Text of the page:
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From the Cold War to Abu Ghraib and Beyond
- ISBN: 9780745326702
- Extent: 296pp
- Release Date: 20 Mar 2007
- Size: 230mm x 150mm
- Format: Paperback
- Restricted Territories: View details...
- Category: History
-- Exposes the secret history of US torture at home and abroad --
George W. Bush calls them an ‘alternative set of procedures’, vital tools needed ‘to protect the American people and our allies’.
These ‘tools’ include forced standing for up to forty hours, sleep deprivation for weeks on end, dousing naked prisoners with ice water in rooms chilled to ten degrees, and strapping prisoners to inclined boards then flooding their mouths with water. These techniques are torture, and they are used by the United States of America.
American Torture reveals how torture became standard practice in today’s War on Terror. Long before Abu Ghraib became a household name, the US military and CIA used torture with impunity at home and abroad. Billions of dollars were spent during the Cold War studying, refining, then teaching these techniques to American interrogators and to foreign officers charged with keeping Communism at bay.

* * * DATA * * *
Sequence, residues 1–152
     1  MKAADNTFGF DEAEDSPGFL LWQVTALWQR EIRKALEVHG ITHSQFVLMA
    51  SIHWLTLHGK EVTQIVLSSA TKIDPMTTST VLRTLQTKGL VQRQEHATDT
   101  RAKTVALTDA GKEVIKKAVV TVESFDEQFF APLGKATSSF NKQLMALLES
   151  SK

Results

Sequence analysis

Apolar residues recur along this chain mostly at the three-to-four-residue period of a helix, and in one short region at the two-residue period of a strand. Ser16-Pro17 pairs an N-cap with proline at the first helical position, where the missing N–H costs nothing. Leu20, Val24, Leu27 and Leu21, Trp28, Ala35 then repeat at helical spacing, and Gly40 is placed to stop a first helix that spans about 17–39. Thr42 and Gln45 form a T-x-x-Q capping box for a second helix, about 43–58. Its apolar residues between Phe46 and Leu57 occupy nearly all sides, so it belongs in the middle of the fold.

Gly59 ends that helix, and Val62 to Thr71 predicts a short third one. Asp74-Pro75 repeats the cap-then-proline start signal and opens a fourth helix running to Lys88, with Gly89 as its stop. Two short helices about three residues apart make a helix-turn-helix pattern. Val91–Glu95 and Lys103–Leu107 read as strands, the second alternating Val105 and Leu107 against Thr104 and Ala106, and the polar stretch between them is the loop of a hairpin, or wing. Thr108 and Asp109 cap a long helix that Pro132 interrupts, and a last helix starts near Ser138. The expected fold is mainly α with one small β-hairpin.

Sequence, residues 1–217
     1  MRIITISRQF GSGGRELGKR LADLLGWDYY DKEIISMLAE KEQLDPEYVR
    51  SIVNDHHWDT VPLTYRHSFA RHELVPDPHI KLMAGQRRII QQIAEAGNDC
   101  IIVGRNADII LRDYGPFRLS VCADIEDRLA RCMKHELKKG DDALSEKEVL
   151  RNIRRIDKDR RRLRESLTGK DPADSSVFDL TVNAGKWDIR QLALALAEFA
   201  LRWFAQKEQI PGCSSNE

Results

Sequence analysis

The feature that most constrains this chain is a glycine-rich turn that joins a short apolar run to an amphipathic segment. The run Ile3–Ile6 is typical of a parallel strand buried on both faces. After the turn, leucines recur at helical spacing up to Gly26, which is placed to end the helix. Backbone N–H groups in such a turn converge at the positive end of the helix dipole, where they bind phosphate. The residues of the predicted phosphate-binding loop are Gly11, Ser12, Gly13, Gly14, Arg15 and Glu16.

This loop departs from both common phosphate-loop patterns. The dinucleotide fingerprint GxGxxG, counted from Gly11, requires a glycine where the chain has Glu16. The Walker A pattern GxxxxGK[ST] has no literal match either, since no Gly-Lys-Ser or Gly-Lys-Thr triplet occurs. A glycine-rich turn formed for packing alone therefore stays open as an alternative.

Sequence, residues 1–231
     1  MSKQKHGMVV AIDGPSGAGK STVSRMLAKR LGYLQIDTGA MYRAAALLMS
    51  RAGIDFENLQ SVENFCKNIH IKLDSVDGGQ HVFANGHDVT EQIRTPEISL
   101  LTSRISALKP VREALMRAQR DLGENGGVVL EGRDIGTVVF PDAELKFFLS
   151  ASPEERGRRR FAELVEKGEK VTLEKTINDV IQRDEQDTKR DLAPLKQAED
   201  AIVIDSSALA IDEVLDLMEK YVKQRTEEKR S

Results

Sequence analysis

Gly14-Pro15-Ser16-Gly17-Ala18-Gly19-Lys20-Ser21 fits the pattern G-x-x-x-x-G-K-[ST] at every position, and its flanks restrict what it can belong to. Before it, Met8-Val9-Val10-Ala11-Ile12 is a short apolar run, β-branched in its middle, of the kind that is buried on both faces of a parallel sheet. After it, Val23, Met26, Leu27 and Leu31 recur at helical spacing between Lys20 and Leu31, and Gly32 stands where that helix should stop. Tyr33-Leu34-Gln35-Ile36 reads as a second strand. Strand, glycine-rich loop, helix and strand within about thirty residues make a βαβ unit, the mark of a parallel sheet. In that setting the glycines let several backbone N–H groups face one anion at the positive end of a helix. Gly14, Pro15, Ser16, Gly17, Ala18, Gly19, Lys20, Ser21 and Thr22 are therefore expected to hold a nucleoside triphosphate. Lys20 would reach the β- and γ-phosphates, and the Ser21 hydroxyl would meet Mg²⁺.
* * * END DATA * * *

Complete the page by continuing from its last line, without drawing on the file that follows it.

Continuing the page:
As the Cold War ended, these tortures were legalised using the very laws designed to eradicate their use. After 9/11, they were revived again for use on ‘enemy combatants’ detained in America’s vast gulag of prisons across the globe, from secret CIA black sites in Thailand to the detention centre at Guantánamo Bay, Cuba.
American Torture shows that the road to Abu Ghraib leads back through US military survival schools, Latin American military assistance programs, Vietnamese counter-terror operations and, finally, to America’s Cold War enemies: the USSR and communist China. It traces how the practice was refined, spread and kept legal.
Such methods violate more than international law and fundamental human rights. As Michael Otterman reveals, they radicalise enemies, undermine credibility and yield unreliable intelligence. Above all, they do not make us more safe.
About The Author
Michael Otterman is an award-winning freelance journalist and human rights consultant. He was a recent visiting scholar at the Centre for Peace and Conflict Studies at the University of Sydney. He is the author of American Torture (Pluto, 2007).